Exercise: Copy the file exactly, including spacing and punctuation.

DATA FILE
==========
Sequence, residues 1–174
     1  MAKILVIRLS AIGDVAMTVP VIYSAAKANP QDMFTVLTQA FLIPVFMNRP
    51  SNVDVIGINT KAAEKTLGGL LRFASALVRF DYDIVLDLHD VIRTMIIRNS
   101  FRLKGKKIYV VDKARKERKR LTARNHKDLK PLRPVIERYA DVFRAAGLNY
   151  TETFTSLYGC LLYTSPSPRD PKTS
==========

Sequence, residues 1–174
     1  MAKILVIRLS AIGDVAMTVP VIYSAAKANP QDMFTVLTQA FLIPVFMNRP
    51  SNVDVIGINT KAAEKTLGGL LRFASALVRF DYDIVLDLHD VIRTMIIRNS
   101  FRLKGKKIYV VDKARKERKR LTARNHKDLK PLRPVIERYA DVFRAAGLNY
   151  TETFTSLYGC LLYTSPSPRD PKTS